Not every business can or will buy from your company. Gather all the miscellaneous lists of suspects, prospects and customers at your company and have a third-party list service to help you merge them, purge duplicates, update email and postal addresses and append information such as industry and company size.

The list service can add companies and contacts similar to your best customers and those in the specific vertical or niche markets you’ve identified as targets. Your goal is to determine which companies appear to have a need for what you’re selling, are receptive to working with your kind and size of company, and have the ability to buy when the time’s right. Then aim your marketing at them.

Keep in touch on a regular basis

You should use the database to drive regular direct marketing campaigns via direct mail, e-mail and telemarketing. Aim to use direct marketing to touch prospects at least once a quarter, but monthly is better. Even if you don’t make it every month you’re still ahead.

This approach also works well for nurturing longer-term prospects. And they are worth it! My research shows that the short-term buyers — those who buy within six months — represent only a quarter of the sales that will happen. The other three out of four sales occur between six months and two years later.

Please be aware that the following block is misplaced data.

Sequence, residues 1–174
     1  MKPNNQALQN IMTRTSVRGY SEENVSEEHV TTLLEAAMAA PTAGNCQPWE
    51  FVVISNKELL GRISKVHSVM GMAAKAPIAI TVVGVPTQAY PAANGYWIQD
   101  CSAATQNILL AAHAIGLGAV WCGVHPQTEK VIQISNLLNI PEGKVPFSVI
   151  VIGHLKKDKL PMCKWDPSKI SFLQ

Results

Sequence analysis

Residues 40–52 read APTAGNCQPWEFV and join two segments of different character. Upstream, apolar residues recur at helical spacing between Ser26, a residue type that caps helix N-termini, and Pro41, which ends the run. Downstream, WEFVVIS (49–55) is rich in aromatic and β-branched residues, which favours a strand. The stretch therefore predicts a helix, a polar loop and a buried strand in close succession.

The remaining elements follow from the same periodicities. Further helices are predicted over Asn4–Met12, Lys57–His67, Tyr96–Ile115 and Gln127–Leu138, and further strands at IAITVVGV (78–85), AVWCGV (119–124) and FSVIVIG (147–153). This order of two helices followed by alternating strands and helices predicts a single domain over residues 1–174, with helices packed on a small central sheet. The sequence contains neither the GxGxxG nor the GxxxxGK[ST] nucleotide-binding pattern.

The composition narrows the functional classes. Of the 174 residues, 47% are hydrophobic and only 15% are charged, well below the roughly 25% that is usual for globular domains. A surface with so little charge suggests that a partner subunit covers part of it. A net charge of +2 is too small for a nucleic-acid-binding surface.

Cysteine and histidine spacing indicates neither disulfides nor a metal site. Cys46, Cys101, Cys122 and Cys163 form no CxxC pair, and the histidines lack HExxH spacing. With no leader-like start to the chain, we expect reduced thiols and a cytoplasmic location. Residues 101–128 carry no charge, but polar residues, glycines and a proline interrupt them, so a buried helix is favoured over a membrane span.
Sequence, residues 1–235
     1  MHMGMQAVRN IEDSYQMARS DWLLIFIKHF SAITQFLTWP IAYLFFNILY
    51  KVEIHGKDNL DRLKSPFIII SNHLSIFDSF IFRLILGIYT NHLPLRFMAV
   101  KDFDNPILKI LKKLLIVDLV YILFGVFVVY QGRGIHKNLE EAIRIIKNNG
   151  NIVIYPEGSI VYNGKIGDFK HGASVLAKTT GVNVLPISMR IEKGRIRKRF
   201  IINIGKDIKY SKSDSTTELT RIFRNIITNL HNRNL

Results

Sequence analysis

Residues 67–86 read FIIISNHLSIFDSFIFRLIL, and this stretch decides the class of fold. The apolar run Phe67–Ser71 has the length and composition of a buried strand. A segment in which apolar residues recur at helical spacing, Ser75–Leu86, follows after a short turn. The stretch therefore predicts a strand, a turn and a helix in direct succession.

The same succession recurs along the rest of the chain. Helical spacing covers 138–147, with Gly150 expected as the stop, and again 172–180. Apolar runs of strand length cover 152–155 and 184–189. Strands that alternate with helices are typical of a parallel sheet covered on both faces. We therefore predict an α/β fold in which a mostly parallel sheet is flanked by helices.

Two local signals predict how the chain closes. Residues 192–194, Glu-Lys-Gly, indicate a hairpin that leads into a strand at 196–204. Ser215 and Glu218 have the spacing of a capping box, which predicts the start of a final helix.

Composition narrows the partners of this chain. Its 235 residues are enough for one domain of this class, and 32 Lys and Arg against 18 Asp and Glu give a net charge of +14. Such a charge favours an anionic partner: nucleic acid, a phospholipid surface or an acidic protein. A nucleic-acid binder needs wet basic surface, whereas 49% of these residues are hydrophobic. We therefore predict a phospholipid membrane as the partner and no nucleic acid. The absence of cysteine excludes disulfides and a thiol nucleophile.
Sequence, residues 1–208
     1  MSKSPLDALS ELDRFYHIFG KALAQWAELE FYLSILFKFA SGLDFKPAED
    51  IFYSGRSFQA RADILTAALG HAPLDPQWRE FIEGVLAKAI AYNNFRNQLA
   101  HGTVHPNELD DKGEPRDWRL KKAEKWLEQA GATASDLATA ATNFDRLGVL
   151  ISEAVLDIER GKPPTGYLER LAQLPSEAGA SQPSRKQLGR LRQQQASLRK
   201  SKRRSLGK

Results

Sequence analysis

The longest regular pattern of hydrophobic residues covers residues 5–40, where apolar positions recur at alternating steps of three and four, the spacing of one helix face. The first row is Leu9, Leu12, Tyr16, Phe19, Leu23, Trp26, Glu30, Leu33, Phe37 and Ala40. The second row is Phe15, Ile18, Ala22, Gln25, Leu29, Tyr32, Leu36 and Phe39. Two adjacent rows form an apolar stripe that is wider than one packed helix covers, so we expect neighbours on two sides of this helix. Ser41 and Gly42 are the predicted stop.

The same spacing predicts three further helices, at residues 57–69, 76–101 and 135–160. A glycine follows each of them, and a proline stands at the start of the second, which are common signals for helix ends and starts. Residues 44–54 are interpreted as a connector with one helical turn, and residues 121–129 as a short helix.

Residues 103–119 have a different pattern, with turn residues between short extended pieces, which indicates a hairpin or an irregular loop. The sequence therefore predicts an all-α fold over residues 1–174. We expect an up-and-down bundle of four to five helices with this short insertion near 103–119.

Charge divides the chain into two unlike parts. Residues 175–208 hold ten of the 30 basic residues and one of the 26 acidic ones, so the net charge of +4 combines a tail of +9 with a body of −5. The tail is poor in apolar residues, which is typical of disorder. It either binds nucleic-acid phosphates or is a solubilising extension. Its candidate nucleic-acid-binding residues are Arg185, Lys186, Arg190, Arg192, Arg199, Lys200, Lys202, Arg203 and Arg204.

Multiple offers or calls-to-action

I recommend you always make more than one offer; each designed to appeal to people at different stages of the sales cycle. For example, offer info kits, whitepapers and case studies for those early in their consideration/buying process. Offer worksheets, checklists, webinars or live seminars for those a bit further along. Offer demos, assessments, quotations and “if you buy now…” offers for those who are ready to move forward with their buying decision.

Optimize your website to lead prospects through the sales cycle

Instead of scaring prospective customers away with confusing or out-of-date information on your website, consider re-focusing its content to help your prospects determine that your company is their best choice. Provide clear choices of navigation to help visitors self-identify where on the path they are and what step is next.

Involve the sales team when creating sales tools